Self-directed Learning – What should we be teaching?

Several weeks ago I witnessed an interesting exchange with high school students. A group of students was asked what course they would most like to see offered that isn’t currently on the high school roster of offerings. Here were some of the responses:

  • Photoshop and other software
  • Psychology II/AP Psychology
  • French
  • Philosophy
  • Tech Ed – Engineering
  • Biotechnology
  • Astronomy

I found the conversation interesting because even at such a young age, their paradigm of education is so old, so traditional. Do they realize that they have the ability to learn these things without “school”? Their paradigm is quite restricted in thinking that learning has to be pushed out by an institution. Not only is this  push model of education unnecessary with 1:1 computing and access to the Internet and countless connections to expert, but it’s also not practical in the current fiscal environment of public education. Resources are limited and so, too, are the opportunities available to our students through traditional means.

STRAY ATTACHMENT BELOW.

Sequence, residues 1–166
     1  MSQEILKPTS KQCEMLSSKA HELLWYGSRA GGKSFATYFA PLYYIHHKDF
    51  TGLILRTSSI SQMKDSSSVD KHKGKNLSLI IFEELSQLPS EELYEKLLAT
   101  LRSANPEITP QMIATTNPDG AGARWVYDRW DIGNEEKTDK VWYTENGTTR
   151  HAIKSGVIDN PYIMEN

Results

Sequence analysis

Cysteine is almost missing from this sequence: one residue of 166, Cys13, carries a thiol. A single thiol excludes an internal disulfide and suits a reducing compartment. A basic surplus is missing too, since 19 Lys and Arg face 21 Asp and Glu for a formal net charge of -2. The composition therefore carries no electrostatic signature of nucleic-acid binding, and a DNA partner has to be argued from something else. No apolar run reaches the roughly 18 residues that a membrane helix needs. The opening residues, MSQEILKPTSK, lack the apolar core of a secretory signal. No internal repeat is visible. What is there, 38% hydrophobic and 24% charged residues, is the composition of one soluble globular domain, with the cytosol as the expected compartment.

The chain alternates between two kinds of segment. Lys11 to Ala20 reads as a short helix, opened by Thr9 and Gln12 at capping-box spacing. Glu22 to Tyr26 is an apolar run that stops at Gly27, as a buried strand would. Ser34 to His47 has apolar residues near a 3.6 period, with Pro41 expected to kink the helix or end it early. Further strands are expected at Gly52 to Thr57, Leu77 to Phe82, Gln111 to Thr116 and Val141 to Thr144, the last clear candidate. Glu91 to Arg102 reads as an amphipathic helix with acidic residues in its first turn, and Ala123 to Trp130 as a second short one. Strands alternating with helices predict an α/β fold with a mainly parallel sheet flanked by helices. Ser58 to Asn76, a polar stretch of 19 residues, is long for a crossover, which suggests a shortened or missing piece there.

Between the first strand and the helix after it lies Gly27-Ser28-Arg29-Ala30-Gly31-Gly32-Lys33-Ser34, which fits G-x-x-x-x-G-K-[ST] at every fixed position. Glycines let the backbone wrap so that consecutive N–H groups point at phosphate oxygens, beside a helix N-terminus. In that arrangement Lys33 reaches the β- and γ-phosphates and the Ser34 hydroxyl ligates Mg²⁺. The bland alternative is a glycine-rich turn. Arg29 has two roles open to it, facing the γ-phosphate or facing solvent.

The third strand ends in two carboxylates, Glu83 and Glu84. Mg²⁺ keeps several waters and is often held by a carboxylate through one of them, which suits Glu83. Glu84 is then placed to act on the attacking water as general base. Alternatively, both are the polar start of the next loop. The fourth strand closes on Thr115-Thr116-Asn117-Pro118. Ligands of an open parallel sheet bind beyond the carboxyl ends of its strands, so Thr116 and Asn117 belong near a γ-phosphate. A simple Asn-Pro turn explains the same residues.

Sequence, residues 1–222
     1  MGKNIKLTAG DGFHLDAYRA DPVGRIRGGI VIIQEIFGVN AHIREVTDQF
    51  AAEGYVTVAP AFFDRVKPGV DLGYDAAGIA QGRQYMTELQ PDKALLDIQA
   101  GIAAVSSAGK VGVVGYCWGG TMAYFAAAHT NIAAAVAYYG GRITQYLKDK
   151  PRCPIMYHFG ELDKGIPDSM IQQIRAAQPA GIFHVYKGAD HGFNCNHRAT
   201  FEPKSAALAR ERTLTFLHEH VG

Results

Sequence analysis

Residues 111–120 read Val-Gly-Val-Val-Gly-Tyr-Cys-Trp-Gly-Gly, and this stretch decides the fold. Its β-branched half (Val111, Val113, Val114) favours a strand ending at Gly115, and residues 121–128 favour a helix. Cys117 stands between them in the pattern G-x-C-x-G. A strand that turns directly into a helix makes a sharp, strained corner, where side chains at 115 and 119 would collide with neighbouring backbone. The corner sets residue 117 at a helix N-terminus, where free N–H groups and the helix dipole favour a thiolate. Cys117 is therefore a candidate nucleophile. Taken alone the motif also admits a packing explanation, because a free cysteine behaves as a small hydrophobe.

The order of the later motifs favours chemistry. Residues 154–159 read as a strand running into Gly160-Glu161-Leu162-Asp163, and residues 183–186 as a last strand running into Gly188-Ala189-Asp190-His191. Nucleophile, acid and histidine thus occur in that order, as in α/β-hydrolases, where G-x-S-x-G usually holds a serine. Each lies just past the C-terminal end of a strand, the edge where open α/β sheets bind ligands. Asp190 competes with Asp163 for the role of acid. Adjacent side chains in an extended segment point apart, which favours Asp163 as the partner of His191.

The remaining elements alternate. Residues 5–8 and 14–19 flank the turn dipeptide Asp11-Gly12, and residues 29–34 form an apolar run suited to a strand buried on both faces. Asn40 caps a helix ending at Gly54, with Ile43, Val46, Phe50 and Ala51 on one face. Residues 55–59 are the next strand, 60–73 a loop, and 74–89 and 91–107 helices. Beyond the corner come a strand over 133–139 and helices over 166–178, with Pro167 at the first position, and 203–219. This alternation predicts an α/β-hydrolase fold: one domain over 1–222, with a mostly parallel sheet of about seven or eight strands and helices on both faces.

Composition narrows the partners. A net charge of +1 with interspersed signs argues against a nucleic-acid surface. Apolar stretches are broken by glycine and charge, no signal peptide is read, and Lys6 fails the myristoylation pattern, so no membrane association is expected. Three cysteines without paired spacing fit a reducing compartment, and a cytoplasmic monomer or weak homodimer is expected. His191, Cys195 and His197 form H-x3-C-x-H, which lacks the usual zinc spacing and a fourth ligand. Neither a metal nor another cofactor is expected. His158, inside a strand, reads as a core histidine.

While it would be great for every high school to offer these opportunities (and much more), what can learners do who have a passion for a topic – say,  learning a language or learning all the features of a particular software? It’s easy. They can connect with other experts in the field through social media and structure their own learning plan using tools such as YouTube, MOOCs and Twitter to find and connect with people who have the same passion and the expertise they wish to acquire. Our students do not understand they can do this. They don’t understand how to do this. Our parents do not understand this. We as educators do not understand this. We have many things to do for kids in education. But with 24/7 access to massive amounts of content and connections, we as educators must teach students how to make connections around their passions so they can truly be life-long learners. This must become a priority.

How would this group (or any traditional group of high school students) respond to this video where students organize their own curriculum around their passions for half a year?

If students designed their own schools

The institution no longer owns learning……learning can (and should) be owned by every individual. How do we begin to educate parents, teachers and students about a new paradigm of learning?

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By Randy Ziegenfuss Posted in Learning

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